By Joel Warner
By Michael Roberts
By Alan Prendergast
By Michael Roberts
By Michael Roberts
By Amber Taufen
By Patricia Calhoun
By William Breathes
Ramirez told the doctors that he'd been playing outside with Kyran. The boy had fallen off his shoulders and hit his head. So Ramirez had taken him inside, where Kyran became dizzy, unable to stand, and then passed out. He told the story over and over the next few days while apologizing tearfully -- to Voss, to her husband, to Kyran's grandparents.
He also told the story to Alamosa County Sheriff's Office investigator Harry Alejo. Ramirez had left the hospital by the time Alejo got there that afternoon; in fact, he was already headed back to Denver, by a back route he didn't usually take. Alejo reached him on Voss's cell phone. According to his report, Ramirez was "yelling and excited, and at times crying, telling me he is not sure where he is or what is going to happen to him." Alejo persuaded him to turn around and come back for an interview.
That evening, Ramirez gave Alejo an incredibly detailed account of Kyran's fall. He also said that the child had hit his head several more times as Ramirez, frantically trying to revive the boy, ended up shaking him, slapping him and dropping him in the bathtub. In a second interview two days later, Ramirez added other details, including an admission that he'd smoked a little marijuana earlier that day. At the end of that interview, Alejo arrested Ramirez on suspicion of child abuse.
But the story Ramirez told those first few days didn't match the injuries Kyran had suffered. The boy had multiple bruises on his chest and abdomen but no signs of external damage to the head, such as a skull fracture, that you would expect from a bad fall. The blown pupil was a sign of an acute subdural hematoma, a bleeding inside the skull that can be caused by a blunt impact, a severe shaking, or, in Kyran's case, probably a combination of both actions. The damage to his brain was so extensive that he was flown to Children's Hospital in Denver, where doctors labored for days to relieve the swelling and keep him breathing. They discovered a leg fracture that had probably occurred at the same time as the head injury.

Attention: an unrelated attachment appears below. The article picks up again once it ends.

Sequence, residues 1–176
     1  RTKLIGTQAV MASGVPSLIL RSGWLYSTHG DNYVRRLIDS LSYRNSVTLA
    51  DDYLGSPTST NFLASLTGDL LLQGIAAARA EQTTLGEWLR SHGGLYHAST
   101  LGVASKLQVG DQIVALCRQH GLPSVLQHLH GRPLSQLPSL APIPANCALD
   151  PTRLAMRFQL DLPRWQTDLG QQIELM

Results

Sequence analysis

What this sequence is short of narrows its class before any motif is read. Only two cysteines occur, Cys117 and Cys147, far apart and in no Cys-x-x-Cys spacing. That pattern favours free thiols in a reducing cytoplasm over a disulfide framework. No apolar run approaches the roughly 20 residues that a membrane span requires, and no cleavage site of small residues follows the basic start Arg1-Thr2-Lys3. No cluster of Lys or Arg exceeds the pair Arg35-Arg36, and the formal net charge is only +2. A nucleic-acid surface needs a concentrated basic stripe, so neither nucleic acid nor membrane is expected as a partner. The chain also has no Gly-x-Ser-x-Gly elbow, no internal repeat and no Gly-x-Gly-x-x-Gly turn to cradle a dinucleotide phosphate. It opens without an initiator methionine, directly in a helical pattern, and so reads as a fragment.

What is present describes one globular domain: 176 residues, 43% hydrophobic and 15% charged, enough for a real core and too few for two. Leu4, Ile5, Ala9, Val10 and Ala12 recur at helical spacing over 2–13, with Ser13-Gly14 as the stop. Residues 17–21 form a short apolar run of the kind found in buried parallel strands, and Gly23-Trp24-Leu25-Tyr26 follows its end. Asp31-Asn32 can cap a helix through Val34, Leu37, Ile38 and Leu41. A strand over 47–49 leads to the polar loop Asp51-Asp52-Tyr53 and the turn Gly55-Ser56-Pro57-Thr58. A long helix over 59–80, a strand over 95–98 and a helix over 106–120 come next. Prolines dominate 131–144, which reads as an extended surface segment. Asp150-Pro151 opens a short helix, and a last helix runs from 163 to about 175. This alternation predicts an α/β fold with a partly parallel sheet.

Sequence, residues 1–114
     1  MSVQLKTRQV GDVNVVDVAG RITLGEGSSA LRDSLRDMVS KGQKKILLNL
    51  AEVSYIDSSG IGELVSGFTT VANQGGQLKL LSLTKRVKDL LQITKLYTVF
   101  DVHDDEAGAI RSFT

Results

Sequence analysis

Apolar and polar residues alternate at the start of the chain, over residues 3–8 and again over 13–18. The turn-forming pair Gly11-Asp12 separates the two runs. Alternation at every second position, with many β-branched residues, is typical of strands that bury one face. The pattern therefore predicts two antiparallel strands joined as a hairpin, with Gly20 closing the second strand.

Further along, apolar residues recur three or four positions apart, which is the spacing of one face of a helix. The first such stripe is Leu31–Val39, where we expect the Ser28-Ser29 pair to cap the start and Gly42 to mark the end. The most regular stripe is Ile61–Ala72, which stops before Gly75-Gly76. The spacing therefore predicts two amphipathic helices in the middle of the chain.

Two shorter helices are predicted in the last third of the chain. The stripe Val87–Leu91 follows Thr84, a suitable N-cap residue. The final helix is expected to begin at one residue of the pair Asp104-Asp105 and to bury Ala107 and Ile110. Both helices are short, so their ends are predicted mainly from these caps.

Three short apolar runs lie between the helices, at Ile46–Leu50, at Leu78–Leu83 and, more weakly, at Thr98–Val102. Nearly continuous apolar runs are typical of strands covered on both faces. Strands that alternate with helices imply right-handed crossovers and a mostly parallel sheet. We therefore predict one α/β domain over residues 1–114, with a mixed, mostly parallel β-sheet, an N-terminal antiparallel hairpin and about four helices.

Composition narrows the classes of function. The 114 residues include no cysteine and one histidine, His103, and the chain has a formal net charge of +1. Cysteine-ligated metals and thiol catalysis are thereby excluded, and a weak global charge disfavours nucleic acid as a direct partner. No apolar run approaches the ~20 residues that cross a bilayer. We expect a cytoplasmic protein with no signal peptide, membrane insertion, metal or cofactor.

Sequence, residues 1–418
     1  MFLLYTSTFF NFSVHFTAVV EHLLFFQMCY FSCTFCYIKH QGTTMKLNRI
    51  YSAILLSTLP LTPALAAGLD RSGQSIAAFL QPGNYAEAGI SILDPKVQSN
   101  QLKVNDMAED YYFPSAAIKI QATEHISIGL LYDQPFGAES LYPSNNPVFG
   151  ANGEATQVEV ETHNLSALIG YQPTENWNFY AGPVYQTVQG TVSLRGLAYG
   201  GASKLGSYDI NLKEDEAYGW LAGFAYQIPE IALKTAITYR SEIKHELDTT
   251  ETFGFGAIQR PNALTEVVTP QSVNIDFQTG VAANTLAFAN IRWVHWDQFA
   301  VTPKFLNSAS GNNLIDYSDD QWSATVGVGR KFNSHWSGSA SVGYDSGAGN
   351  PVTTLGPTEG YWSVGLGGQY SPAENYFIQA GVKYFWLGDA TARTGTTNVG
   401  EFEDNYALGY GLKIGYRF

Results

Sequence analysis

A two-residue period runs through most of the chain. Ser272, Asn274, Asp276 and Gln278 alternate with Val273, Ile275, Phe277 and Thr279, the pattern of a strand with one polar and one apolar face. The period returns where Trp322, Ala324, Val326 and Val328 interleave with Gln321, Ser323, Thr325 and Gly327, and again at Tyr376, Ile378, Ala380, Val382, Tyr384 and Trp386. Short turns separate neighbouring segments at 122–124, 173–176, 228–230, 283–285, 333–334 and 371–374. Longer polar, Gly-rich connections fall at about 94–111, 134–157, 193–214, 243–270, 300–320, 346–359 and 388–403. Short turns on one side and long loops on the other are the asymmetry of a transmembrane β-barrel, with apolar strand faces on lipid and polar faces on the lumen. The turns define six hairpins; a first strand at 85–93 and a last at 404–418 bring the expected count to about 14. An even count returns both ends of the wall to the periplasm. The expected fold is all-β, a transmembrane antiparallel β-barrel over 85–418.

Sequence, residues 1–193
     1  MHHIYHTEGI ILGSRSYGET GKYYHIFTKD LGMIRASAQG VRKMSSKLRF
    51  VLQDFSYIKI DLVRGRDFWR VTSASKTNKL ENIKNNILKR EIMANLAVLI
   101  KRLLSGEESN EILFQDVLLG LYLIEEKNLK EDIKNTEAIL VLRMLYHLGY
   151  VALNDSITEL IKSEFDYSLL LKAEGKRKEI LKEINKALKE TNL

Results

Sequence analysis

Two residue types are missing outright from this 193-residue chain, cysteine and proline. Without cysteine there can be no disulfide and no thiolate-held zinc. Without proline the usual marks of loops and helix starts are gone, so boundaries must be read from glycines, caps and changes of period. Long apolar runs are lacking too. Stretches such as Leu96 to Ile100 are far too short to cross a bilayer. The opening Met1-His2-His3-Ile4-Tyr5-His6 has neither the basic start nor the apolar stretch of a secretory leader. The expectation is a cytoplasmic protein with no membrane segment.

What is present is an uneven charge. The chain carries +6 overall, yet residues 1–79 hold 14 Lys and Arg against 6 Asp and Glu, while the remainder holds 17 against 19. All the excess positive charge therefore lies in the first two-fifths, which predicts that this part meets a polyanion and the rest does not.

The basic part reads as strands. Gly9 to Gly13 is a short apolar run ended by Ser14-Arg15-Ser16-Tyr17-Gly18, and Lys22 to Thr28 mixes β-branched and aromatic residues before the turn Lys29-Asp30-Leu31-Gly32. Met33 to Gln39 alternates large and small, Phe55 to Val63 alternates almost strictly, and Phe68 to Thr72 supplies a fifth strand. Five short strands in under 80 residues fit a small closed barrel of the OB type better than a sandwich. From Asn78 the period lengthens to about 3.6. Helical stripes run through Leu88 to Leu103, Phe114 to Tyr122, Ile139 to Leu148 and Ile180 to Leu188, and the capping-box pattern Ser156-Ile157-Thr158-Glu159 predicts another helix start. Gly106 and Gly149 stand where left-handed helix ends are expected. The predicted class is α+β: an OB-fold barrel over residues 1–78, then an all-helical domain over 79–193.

Ramirez was lying about how Kyran got hurt, obviously. But was he trying to protect himself, Alejo wondered, or Krystal Voss?
The relationship between Voss and Ramirez had intrigued the investigator from the start. He soon learned that Voss and Gaston had moved from Denver to the San Luis Valley in the spring of 2002, with hopes of building a solar-powered home on property they'd bought near Blanca. They brought with them their baby, a keen interest in natural healing and herbalism -- and some big-city notions about open marriage. Voss had met Ramirez at a Labor Day barbecue and, with permission from her husband and Ramirez's wife, began a sexual relationship with him. Ramirez told Alejo that the affair had ended a few weeks before Kyran was hurt. Yet here was this grown man, with two daughters of his own, driving 230 miles from Denver to see his ex-lover and babysit her kid.
"My theory in all this," Alejo told Ramirez at the start of their second taped interview, "is that I think that possibly there's more to this story, as far as you trying to cover for her for whatever reason. Or possibly that the injuries happened a different way, and you are afraid to tell me."
At that point, Ramirez denied trying to protect Voss. But Alejo pursued his theory, and the entire direction of the investigation soon shifted. He visited Voss at Children's Hospital and obtained a written statement in which she admitted shaking a fussy Kyran the night before Ramirez arrived, "probably more violently than I meant to."
Then he had one more interview with Ramirez -- who, after several days in jail, had become eager to cooperate. He now claimed that Kyran was already hurt when he arrived at the house and that Voss had persuaded him to tell the doctors a yarn about an accidental fall.
Alejo arrested Voss for felony child abuse. The charge was raised to murder a few weeks later, after Kyran died in foster care of complications from his head injury.
You could say that the arrest of Ramirez, then Voss, less than a week after Kyran was hurt amounted to exceptionally fine police work. Or you could say it was a rush to judgment that clouded everything that followed. If you believed Ramirez's final story, you had to believe he was so infatuated with Voss that he readily agreed to take the fall for a horrendous crime he didn't commit, then cracked like a raw egg when he realized he might be sent up for life. Yet it seemed equally absurd to suggest that Ramirez -- who'd had some youthful, ill-tempered skirmishes with the law but was, by all accounts, a good father to his own daughters -- could have summoned the necessary rage to brutalize Kyran in the half-hour to 45 minutes he was alone with the child, before he called Voss at work.